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Re: [HSSG] Trowbridge_01_0907.pdf comment about


Sorry, I made the mistake of replying to a message before emptying my mailbox !

I think a simple round-robin distribution would work well, as long as lanes are uniquely connected.
This is not without precedent - XAUI has no lane identifiers and relies on correct lane connection.
There is merit in a simple scheme that does not require alignment marker insertion.

Regards Andre

Trowbridge, Stephen J (Steve) wrote:
I think I already mentioned that this possibility occurred to me in a
previous reply I wrote to Pat. Of course one would need to take care of
how the sequence of 64B/66B blocks get mapped to FEC codewords. If we
sequentially number the 64B/66B blocks 1, 2, 3, 4, 5 ..., then block 1
is the 1st block in the FEC codeword for lane 1, block 2 is the 1st
block in the FEC codeword for lane 2, block 3 is the 1st block in the
FEC codeword for lane 3, block 4 is the 1st block in the FEC codeword
for lane 4, block 5 is the 2nd block in the FEC codeword for lane 1, and
so on for the 128 64B/66B blocks that fit into the four corresponding
FEC codewords sent on each lane.

-----Original Message-----
From: Andre Szczepanek [mailto:a-szczepanek@TI.COM] 
Sent: Thursday, September 27, 2007 1:53 AM
Subject: Re: [HSSG] Trowbridge_01_0907.pdf comment about


Your statement : "No such (alignment) marker appears in any 10G serial
PHY" is not strictly true.

The 10GBASE-R PCS FEC layer standardized by Backplane Ethernet imposes a
2112 bit FEC block structure onto the serial bit stream. FEC block
boundaries can be used as alignment markers to allow ~ +/- 1000bd of
interlane deskewcapability.

The downside of FEC is of course the additional error correction latency
(2112+ bd), however if FEC framing was supported without correction then
this could be avoided (Currently the standard requires that if you
support FEC you must error correct).

Andre Szczepanek (TI)

Trowbridge, Stephen J (Steve) wrote:
Hi David,
Understood that the state machine is the (most) normative part of the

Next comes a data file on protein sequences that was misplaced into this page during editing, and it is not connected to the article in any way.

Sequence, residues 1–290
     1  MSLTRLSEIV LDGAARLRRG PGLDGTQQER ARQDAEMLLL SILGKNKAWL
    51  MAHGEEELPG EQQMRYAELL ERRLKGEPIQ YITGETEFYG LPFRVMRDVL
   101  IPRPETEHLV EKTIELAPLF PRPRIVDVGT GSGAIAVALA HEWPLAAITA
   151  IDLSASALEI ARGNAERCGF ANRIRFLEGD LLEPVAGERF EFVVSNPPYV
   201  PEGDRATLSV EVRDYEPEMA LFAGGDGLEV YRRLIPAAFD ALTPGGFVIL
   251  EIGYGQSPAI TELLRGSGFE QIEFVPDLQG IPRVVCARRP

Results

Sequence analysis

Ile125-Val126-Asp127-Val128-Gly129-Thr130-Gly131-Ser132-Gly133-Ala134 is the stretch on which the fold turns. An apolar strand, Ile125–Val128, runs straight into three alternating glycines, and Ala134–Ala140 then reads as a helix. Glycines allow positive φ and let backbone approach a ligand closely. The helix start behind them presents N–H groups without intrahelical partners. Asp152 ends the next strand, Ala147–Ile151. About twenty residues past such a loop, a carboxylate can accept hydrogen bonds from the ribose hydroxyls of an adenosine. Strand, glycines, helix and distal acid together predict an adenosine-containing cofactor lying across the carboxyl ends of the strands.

specification, but I don't think you want to rely on things that are 
buried deep in the state machine to provide the appropriate safeguards

about where one needs to be careful in future evolution of the 802.3 
standard so as not to break a mapping into OTN. No doubt that the 
state machine must be designed so that it interworks properly with the

mapping into OTN that will be standardized concurrently in ITU-T. But 
making sure that it works with the initial version of the standard and

making sure that nobody breaks it later both need to be covered.

Regarding the 40G PHY, we haven't (and aren't allowed to yet, 
according to the rules) chosen a solution. I think that it is widely 
assumed that the 40G PHY will be a 4-lane interface with each lane 
bearing a lot of resemblance to a 10G serial PHY, but it WILL be 
different. For one thing, the lane of the 40G PHY needs to have lane 
alignment markers for deskew when combined with the other three lanes.

No such marker appears in any 10G serial PHY (and the markers for 10G 
parallel PHYs are based on replacing four 10B consecutive codewords 
from an IPG - since I think it is widely assumed that we won't be 
using 8B/10B for the lanes of 40G (which wouldn't correspond to any 
serial PHY for 10G anyway), so the 10G Base-X lane marking strategy is

unlikely to be used for 40 GbE). Whether the lane alignment markers 
are inserted into a lane by doing a rate adaptation on the MAC 
(stealing enough IPG to make room) and just making the marker look